Zachary Allen shared a short breakdown of the BMW R9T Scrambler Motorbike project, spoke about his creative approach to making game assets, and gave some tips on preparing for building complex models.
Hello everyone, my name is Zachary Allen, I am a 21-year-old 3D Hard Surface Game Artist, currently based near London in the UK. Like many 3D artists, I started my journey because of my love for video games, and my curiosity as to how they were made grew as well. I am very thankful for the opportunity to share the development and creative process regarding my recent project, BMW R9T Scrambler Motorbike.
Being a freelance automotive photographer and avid petrolhead means that some of my favorite projects are inspired by the vehicles and automotive builds that I photograph or come across. After finishing a personal project of a Porsche 911 RSR, I came across a beautiful BMW R NINET Scrambler built by FCR Original and decided to design a custom build of the factory motorbike as a game asset.
The most important decision when starting a complex model like this is to decide on the themes and then gather a wide variety of references for the project. Gathering blueprints and technical drawings of the bike was my first step before using websites such as eBay to find unique shots of individual parts of the engine or frame- that would otherwise be hidden by the bodywork or structure. Another useful option is to buy a scale model of the vehicle as it allows you to look at every angle- sometimes they come with a blueprint page too!
Using the aligned blueprints for the basic shapes, I could begin to model the main parts of the motorbike. When modeling the more curved/complicated shapes, such as the fuel tank on this motorbike, it is much easier to use a low poly form that you can modify and adapt before subdividing.
However, when modeling the simpler forms on the rest of the motorbike, I create a high-poly model before creating the low-poly model by removing topology from areas that do not need it. This allows me to ensure that the motorbike's silhouette stays consistent between the high poly and low poly optimized models. Before I start the UV process, I will clean up the model by using face-weighted normals, removing the pillow-like normals that could cause lighting issues in Unreal.
UVs and Baking
I watched a conference on GDC Vault by Naughty Dog regarding the workflow used for modeling the hero vehicles in The Last of Us Part II and Uncharted 4. They highlighted their use of varied texture set sizes based on the importance of certain parts of the car, which assists in optimizing the game asset. The texel density must be kept consistent across different texture sets to ensure equal texture quality across the asset. Overlapping UVs on parts of the model that are symmetrical is another useful way to optimize your UV space.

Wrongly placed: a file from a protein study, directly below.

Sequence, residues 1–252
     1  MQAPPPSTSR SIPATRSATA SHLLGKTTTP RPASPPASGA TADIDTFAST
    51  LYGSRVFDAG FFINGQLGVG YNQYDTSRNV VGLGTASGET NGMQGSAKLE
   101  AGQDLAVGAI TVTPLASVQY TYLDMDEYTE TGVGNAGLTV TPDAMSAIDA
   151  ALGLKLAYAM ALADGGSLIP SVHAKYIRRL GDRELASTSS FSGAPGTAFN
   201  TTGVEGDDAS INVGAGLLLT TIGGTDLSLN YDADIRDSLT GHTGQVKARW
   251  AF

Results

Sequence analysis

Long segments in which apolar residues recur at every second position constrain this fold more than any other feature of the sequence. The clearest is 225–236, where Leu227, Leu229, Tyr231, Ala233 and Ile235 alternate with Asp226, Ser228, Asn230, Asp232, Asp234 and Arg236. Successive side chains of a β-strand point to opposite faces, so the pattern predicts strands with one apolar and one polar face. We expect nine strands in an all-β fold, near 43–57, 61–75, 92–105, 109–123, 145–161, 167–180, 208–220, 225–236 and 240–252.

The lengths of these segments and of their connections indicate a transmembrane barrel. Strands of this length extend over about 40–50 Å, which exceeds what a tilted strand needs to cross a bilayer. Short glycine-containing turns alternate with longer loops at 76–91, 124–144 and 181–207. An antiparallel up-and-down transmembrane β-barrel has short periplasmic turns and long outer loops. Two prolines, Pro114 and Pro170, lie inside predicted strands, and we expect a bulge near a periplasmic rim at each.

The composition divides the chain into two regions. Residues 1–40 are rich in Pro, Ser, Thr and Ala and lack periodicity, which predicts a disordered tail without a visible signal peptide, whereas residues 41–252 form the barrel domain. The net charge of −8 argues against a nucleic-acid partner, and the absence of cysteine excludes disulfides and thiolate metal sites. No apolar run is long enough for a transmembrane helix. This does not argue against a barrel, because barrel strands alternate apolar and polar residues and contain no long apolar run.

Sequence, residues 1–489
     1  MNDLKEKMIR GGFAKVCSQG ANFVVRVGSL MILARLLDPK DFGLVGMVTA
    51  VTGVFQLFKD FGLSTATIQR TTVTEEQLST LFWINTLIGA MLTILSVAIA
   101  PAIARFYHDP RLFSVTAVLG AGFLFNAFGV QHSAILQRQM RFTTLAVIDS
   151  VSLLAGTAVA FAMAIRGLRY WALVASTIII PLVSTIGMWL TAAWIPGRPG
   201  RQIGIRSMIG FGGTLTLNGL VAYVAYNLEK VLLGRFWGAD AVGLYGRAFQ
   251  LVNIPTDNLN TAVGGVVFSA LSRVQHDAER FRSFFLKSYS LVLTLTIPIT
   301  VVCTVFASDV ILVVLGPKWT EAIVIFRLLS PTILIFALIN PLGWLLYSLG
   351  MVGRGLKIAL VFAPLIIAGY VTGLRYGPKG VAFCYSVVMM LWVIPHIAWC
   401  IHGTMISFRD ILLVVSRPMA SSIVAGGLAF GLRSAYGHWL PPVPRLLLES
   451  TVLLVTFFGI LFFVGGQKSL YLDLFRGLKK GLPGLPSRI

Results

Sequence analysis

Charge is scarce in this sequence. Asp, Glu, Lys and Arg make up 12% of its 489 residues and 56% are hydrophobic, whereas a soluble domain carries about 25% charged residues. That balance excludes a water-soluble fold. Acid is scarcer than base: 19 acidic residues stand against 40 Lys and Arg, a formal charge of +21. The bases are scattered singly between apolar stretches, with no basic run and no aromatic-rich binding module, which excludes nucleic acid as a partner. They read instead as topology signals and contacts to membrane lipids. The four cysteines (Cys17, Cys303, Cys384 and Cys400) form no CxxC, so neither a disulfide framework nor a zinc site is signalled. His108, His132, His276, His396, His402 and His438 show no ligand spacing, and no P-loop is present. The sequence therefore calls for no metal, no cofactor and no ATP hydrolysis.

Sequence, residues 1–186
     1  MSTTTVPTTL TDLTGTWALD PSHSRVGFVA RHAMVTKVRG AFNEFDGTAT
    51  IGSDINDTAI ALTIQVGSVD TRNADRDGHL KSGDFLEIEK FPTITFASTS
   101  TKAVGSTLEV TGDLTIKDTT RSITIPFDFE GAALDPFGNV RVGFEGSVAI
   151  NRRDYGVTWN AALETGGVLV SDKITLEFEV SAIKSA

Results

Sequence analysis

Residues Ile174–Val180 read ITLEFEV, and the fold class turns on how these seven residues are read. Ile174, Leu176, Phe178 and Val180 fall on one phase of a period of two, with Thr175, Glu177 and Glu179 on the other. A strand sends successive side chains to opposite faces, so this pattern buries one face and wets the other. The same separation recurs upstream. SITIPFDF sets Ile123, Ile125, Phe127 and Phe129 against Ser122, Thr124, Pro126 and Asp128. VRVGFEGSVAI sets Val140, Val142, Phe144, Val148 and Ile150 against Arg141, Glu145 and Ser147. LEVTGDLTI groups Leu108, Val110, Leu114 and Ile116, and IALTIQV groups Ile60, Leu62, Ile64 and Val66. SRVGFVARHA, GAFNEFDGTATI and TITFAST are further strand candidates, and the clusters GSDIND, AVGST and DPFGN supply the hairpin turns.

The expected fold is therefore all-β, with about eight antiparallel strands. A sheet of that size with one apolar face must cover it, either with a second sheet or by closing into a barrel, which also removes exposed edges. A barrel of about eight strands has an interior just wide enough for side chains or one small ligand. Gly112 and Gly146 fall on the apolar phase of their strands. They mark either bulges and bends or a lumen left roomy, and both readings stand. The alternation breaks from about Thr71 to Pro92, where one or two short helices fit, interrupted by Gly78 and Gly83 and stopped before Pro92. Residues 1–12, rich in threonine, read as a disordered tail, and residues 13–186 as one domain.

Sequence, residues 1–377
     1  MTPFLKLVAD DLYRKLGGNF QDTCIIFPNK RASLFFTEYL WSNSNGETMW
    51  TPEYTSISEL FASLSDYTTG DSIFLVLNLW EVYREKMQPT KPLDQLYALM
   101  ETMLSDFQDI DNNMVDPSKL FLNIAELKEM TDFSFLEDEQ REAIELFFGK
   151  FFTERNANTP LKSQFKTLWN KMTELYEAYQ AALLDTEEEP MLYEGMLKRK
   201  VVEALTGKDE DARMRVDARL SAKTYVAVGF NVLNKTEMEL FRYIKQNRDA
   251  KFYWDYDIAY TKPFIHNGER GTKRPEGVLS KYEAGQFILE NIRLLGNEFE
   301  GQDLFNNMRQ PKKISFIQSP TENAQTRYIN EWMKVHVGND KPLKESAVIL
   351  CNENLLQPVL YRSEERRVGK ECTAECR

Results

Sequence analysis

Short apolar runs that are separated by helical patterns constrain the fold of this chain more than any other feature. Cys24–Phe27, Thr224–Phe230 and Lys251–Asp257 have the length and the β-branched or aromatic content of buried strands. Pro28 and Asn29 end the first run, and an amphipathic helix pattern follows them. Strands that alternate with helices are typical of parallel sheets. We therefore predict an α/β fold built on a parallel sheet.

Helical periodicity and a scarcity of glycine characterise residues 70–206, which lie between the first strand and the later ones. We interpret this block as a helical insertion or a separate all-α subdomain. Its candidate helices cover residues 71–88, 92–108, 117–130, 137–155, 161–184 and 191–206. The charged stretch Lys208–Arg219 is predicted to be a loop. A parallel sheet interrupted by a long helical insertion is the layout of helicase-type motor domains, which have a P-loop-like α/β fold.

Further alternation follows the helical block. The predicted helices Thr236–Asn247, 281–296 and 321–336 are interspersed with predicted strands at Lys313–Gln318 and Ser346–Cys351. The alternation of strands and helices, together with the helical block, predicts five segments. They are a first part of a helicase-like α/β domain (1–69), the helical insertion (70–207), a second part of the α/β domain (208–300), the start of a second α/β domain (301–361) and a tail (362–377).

When it comes to baking, you cannot entirely prevent artifacts produced by UV seams. However, you can minimize their effect by applying UV cuts to hard edges and hiding them in areas that won't be visible to the player. Ensuring that your UVs are as straight as possible is another important method of preventing this.
Texturing is my favorite part of the pipeline. This is where you have the most artistic freedom during your project. I always approach texturing with the same attitude: don't be boring! Don't just texture a brand-new car; apply some dust, scratches, or dirt. Your asset should tell a story about its life – that's how artists immerse the player in these virtual worlds and texturing is a great way to do this. I will create a short backstory about the owner, where the asset has been, and how far it has traveled. This can be used to influence how I texture my model:
- Base materials – make sure to apply slight color variation to the layers;
- Custom Alpha/ Normal Stamps – these can be created very quickly in photoshop and apply additional detail to the model in Substance 3D Painter;
- Weathering – add variations in roughness by using masks and paint layers to create more unique wear to the bodywork. Using the roughness view can be useful in showing the variation at this point. I also like to add a small amount of dust to crevices and covered areas of the motorbike – once more preventing that showroom feel. I will also add a final dirt pass using multiple generators and mud variations to the tires, mudguards, and underside of the body..
When it comes to rendering, I find it helpful to locate an image of the real-world asset and then recreate the lighting from that image as closely as possible. It's also helpful to consider the type of lighting equipment used to create the shot. If it's created using a standard bulb, the lighting will be slightly warm, but if it's from an LED, there will be a slight blue tint to the lighting.
Rectangular lights in Unreal Engine 5 are incredibly useful as they serve the purpose of softboxes. I usually add a Rect light from above, paired with two slightly dimmed rect lights at the front of the model on a 45-degree angle. Adding a backlight will help the model stand out from the background and improve the overall presentation of the model. I finalize my lighting setup by adding a few fill lights with very low intensity to dark areas of the model that need to be slightly brightened.
This project was very enjoyable to complete and took around a month to produce, as I was only working on it every couple of days outside of my job. I really hope that some of my advice will be useful to you; I am always available to contact via my ArtStation.